Is your child enrolled in kindergarten in a school that is implementing the Common Core State Standards (CCSS)? In this overview for parents, learn more about what Common Core is and how to know whether a teacher is providing developmentally appropriate instruction to address the CCSS for your child. Here are some of the questions you might ask yourself.
Preschool aged children love to write — they're always in search of a marker or crayon. Those early scribbles are an important step on the path to literacy. Parents and preschool teachers can support a writer's efforts in some very simple ways. And it's never too early to start!
Smartphones and tablets are everywhere, and even our youngest children interact with technology on a daily basis. Find out what you as a parent can be doing to help your young learner navigate the digital world — you may need to reconsider how you connect with your child during technology use.
Providing young children with rich writing experiences can lay a foundation for literacy learning. This article presents a framework for individualizing early writing instruction in the preschool classroom.
Discover simple at-home activities you can use to help your child understand the connection between the letters of the alphabet and the sound associated with each letter.
The Lead for Literacy initiative is a series of one-page memos for policymakers and early literacy leaders on how to improve young children's literacy, birth to age 9. Using evidence from research, these briefs are designed to help leaders avoid common mistakes and present solutions and strategies for scalability and impact.
Calendars help young children learn the basics of the days of the week and the months of the year. Your family calendar offers opportunities for other learning as well, including vocabulary, sequencing, and math.
To get the most out of a shared reading, encourage your child to appreciate the pictures, and also guide their attention to printed words. Doing so may help your child's reading, spelling, and comprehension skills down the road.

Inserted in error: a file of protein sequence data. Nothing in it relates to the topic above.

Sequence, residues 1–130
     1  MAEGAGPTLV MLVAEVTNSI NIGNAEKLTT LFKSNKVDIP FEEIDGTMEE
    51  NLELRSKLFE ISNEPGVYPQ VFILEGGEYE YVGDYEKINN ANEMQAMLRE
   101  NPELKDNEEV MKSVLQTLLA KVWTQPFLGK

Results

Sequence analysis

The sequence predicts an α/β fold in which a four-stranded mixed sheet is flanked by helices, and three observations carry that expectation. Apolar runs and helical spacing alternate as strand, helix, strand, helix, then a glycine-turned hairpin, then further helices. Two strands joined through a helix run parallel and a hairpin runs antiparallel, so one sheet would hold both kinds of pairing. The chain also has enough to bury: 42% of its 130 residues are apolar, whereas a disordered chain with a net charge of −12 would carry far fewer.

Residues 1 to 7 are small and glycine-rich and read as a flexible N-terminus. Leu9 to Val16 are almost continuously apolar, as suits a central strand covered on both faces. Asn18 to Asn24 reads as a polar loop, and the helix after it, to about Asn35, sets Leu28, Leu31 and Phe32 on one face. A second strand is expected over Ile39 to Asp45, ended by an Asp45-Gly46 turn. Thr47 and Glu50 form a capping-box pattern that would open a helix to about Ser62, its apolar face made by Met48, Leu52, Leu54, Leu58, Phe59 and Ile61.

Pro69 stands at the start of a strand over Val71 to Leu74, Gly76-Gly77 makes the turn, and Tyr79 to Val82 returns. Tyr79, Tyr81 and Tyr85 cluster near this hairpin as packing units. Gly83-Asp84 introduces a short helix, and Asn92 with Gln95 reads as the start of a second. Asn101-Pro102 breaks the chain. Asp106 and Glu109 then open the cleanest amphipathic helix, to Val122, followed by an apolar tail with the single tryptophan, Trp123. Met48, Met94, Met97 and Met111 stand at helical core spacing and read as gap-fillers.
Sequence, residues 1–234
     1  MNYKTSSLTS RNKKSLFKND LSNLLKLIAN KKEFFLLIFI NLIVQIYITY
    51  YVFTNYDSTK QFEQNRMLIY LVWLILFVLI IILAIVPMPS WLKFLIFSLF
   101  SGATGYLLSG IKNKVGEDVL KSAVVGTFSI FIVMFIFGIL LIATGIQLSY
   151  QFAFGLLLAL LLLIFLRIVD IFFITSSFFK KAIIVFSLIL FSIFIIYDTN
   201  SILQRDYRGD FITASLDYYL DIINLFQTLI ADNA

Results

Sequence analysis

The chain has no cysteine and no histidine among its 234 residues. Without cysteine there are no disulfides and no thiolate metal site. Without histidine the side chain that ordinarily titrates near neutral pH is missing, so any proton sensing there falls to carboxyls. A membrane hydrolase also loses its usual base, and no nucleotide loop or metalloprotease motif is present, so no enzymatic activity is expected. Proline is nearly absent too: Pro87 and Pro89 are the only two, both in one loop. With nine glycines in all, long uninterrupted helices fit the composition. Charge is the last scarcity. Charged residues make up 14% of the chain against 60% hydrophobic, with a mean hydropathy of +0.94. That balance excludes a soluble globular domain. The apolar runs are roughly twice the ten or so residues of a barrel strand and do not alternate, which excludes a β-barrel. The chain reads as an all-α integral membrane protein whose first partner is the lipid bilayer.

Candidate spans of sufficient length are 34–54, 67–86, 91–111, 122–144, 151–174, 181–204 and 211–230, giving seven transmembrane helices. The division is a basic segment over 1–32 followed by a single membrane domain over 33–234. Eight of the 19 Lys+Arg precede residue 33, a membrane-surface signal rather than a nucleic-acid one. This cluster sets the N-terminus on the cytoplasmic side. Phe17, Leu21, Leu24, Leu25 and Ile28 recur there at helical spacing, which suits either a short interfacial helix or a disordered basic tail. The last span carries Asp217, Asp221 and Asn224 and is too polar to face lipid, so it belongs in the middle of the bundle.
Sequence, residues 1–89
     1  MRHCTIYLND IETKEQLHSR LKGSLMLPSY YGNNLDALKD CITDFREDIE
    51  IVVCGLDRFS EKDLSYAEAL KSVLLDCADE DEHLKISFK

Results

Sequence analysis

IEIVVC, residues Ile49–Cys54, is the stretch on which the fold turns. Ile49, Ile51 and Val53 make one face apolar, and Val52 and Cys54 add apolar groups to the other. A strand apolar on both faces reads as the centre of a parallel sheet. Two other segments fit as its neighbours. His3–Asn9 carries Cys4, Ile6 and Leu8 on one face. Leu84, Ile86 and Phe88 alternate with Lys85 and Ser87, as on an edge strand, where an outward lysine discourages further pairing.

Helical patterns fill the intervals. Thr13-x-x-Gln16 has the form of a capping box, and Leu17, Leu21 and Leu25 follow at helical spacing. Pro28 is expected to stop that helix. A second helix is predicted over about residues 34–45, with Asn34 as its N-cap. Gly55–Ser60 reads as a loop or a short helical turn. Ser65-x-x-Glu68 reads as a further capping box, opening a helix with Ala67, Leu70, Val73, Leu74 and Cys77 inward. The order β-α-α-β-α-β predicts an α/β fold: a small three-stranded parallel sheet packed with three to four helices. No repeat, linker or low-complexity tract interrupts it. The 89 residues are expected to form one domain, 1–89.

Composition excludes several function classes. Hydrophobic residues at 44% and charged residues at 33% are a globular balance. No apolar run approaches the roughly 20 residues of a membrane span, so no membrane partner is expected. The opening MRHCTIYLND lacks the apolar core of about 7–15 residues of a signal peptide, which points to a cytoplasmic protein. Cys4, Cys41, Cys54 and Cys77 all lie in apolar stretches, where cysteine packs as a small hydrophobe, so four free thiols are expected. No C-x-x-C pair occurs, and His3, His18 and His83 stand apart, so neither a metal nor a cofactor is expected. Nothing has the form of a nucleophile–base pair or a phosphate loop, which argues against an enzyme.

Parents are a child's first teacher, and there are many simple things you can do every day to share the joy of reading while strengthening your child's literacy skills.
Get the basic facts about what it takes for a young child to learn to read, best practices in teaching reading, the importance of oral language in literacy development, why so many children struggle, and more in this overview.
The What Works Clearinghouse reviewed the research on two practices used in center-based settings with 3- to 5-year-old preK children, as well as a number of specific curricula. Positive results are shown for (1) Phonological awareness training and (2) Interactive and dialogic reading.
Letters are all around us! Here are some ideas on how to use print found in your everyday environment to help develop your child's reading skills.
In preschool, your child will learn many types of skills. Reading books together in which the characters are going through the same thing can also help your preschooler develop these important skills.Below are four books in which the characters are learning some of the same skills as your preschooler. Consider adding these to your next stack from the library.
Children who comprehend the most from their reading are those who know a lot about words. They are familiar with word prefixes, suffixes, word roots, and multiple meanings of words. Families can help develop word knowledge through simple conversations focused on words.
It's important to remember that a lack of sleep can greatly impact your preschooler's behavior and ability to have a good day at preschool. Try this little experiment with your child to make sure they understand and maintain an appropriate sleep schedule.
As parent, you know how important it is to set aside some time everyday to read with your baby or toddler. If you've got a squiggler in your house, see if these tips help your reading time go a little more smoothly.